Peter Apps Yeah, well, I mean, I’m a big fan of the idea of a national oversight mechanism, and I think the Grenfell Tower Tower inquiry and the whole Grenfell story actually is a good example of why that’s needed, because part of the investigations into Grenfell, why we didn’t follow a previous inquest, you know, there was an inquest in 2013, six people died, three of them children in a fire in South London which held, you know, not two bodies, right? I start my book startling parallels to what happened four years later at Grenfell Tower, and we investigated that in detail. The coroner sent a letter to the government setting out some changes that needed to be made to prevent that fire, that sort of fire being repeated. And it just wasn’t implemented because there was there was no force compelling the government to do it, and there was also no force holding them to account for their failure to do it. So they could just kind of gently park it on the back burner and no one would ask any difficult questions. A national oversight mechanism would change it. It would be a bit like the kind of National Audit Office or, you know, the OPR, where the Chancellor has to answer for the economic consequences of its decisions. The departments to whom big inquest recommendations are delivered or big serious case reviews or public inquiries would have to answer to this body and say, well, actually we haven’t you know, we haven’t quite followed it, we haven’t listened to the views, we haven’t responded to the letters, etc., and it would just bring some accountability into the process. That’s all. And I think that would be really powerful.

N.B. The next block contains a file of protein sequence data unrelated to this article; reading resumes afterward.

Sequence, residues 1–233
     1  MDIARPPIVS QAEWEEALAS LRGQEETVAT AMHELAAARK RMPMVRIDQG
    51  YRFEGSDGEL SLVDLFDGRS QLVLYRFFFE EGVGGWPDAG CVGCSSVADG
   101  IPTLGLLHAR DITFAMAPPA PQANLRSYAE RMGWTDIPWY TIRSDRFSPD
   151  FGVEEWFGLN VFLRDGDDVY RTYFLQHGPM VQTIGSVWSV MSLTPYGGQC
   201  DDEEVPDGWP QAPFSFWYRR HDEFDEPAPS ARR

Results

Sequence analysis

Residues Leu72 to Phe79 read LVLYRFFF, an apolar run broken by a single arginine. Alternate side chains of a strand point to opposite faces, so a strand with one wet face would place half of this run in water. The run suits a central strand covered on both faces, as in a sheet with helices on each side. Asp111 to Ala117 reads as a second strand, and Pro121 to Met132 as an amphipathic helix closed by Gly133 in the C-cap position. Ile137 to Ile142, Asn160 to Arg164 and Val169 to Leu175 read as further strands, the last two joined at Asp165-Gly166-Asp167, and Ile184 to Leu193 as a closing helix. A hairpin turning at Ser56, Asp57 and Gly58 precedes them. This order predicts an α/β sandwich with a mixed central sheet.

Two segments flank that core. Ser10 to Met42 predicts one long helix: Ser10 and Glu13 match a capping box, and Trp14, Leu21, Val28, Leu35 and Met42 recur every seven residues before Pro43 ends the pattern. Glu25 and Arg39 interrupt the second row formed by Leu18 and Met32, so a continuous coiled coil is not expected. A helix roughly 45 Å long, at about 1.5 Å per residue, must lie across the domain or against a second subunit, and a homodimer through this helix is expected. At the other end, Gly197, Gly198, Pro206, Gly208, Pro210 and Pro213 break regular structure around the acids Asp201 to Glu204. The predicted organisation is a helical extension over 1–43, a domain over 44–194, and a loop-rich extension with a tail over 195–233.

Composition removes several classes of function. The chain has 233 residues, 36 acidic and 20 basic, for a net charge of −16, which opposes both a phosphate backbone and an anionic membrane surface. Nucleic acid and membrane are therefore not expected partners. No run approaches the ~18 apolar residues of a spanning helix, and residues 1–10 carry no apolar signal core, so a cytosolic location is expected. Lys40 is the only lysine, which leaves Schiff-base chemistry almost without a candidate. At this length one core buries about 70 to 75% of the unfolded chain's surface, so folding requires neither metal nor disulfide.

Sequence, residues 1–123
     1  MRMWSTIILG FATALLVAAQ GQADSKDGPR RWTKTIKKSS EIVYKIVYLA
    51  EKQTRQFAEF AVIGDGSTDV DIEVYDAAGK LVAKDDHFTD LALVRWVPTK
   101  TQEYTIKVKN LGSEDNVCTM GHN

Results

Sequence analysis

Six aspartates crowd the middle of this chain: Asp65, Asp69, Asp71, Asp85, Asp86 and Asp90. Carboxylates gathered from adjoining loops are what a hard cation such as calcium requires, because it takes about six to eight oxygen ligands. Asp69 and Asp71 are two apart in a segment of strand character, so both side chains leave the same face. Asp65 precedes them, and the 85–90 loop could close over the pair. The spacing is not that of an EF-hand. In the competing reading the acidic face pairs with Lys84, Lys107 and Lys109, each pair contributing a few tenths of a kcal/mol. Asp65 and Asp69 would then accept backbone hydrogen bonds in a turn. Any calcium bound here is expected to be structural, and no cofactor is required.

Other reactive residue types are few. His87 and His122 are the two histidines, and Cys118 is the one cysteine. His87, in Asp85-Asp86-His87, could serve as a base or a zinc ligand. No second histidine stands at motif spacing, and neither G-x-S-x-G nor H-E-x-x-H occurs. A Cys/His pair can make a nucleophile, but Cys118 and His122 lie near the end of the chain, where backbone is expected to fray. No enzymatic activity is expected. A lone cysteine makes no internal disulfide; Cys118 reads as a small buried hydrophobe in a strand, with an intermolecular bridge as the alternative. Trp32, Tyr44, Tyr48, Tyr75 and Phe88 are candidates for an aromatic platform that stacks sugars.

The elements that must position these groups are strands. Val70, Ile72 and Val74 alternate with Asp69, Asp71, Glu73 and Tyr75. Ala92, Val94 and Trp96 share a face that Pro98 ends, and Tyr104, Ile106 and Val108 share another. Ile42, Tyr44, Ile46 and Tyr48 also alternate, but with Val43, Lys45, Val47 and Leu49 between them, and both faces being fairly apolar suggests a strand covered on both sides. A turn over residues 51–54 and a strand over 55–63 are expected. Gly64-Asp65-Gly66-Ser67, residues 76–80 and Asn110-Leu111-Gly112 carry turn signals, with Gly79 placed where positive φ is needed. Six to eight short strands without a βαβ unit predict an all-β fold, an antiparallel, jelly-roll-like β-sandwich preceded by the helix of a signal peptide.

Nish Kumar I think it was worth taking a second to explain the title. Show Me the Bodies, because it’s such an extraordinary and indicative phrase.

 

Peter Apps Yeah, yeah. So quite soon after Grenfell happened, I was sort of I was interviewing people who’d who were interested in fire safety, some of whom had kind of actively lobbied government for tougher fire safety rules. And they kept saying to me, well, the reason we couldn’t get any traction is because government would just say there aren’t enough people dying in a fire to justify restrictions on industry, that that is how the government looked at it. They thought unless there are high volumes of people dying right now, we’re not going to change regulations to impose more cost in industry. It’s an accountancy way of viewing human life, basically, and that the phrase that was allegedly used by officials to express that was show me the bodies. Why would we impose what I would call red tape on business unless people are dying? And, you know, obviously the mistake there is that if you wait until a catastrophe to change the rules, you’re going to get a catastrophe. And so I think that phrase to me summed up some of the callousness, what the some of the Grenfell survivors have described, this sort of institutional indifference to human life. It’s a very cold thing to say. And it also just tells us something about how where the government’s priorities are. They will let us die before they impose restrictions on company profits, basically. And, you know, it summed up an attitude which I wanted to convey in the book.

 

Nish Kumar There’s a sentence in the book in the introduction where you say that it points to the deepest fault lines in our society. Yeah, there is a sense that this is total systemic failure because it’s the manufacturers of the cladding, an insulation that is essentially as part of cost cutting. We’re using a substance that is solid, essentially solid petrol like essentially that was being put in the buildings. The regulatory and oversight bodies were privatized and so it became dependent on profit. So like the right ratings agencies during the financial crisis, they were commercially incentivized to approve things that they might not otherwise have done. And then you have successive governments, you know, really sort of culminating in the post 2010, Cameron promise to get rid of regulation, emphasizing deregulation and suggesting that regulation was actually an impediment towards financial. It’s a portrait of total systemic failure. All of the measures and counter-measures that was supposed to protect citizens failed.